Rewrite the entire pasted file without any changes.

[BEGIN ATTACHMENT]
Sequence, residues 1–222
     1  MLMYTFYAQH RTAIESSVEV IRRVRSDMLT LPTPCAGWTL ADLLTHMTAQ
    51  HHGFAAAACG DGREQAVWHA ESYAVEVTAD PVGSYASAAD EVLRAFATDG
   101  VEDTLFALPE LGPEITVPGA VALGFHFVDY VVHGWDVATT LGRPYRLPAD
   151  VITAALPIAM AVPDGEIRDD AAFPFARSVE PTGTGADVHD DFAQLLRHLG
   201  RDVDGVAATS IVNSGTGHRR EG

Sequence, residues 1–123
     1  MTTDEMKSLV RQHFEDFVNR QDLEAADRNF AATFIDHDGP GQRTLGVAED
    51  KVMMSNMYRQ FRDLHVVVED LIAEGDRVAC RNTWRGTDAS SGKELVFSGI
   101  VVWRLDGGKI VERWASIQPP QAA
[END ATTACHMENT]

Sequence, residues 1–222
     1  MLMYTFYAQH RTAIESSVEV IRRVRSDMLT LPTPCAGWTL ADLLTHMTAQ
    51  HHGFAAAACG DGREQAVWHA ESYAVEVTAD PVGSYASAAD EVLRAFATDG
   101  VEDTLFALPE LGPEITVPGA VALGFHFVDY VVHGWDVATT LGRPYRLPAD
   151  VITAALPIAM AVPDGEIRDD AAFPFARSVE PTGTGADVHD DFAQLLRHLG
   201  RDVDGVAATS IVNSGTGHRR EG

Sequence, residues 1–123
     1  MTTDEMKSLV RQHFEDFVNR QDLEAADRNF AATFIDHDGP GQRTLGVAED
    51  KVMMSNMYRQ FRDLHVVVED LIAEGDRVAC RNTWRGTDAS SGKELVFSGI
   101  VVWRLDGGKI VERWASIQPP QAA